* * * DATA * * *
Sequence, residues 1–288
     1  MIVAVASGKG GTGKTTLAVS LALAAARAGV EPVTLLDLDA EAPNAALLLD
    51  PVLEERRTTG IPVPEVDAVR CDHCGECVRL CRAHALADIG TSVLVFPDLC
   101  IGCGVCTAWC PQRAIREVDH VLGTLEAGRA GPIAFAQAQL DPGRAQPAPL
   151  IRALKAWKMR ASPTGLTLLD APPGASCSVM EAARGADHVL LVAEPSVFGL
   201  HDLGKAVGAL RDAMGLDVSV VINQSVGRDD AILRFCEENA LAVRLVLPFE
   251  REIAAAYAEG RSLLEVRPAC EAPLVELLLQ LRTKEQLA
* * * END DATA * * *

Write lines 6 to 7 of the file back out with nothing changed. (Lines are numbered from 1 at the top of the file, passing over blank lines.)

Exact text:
   201  HDLGKAVGAL RDAMGLDVSV VINQSVGRDD AILRFCEENA LAVRLVLPFE
   251  REIAAAYAEG RSLLEVRPAC EAPLVELLLQ LRTKEQLA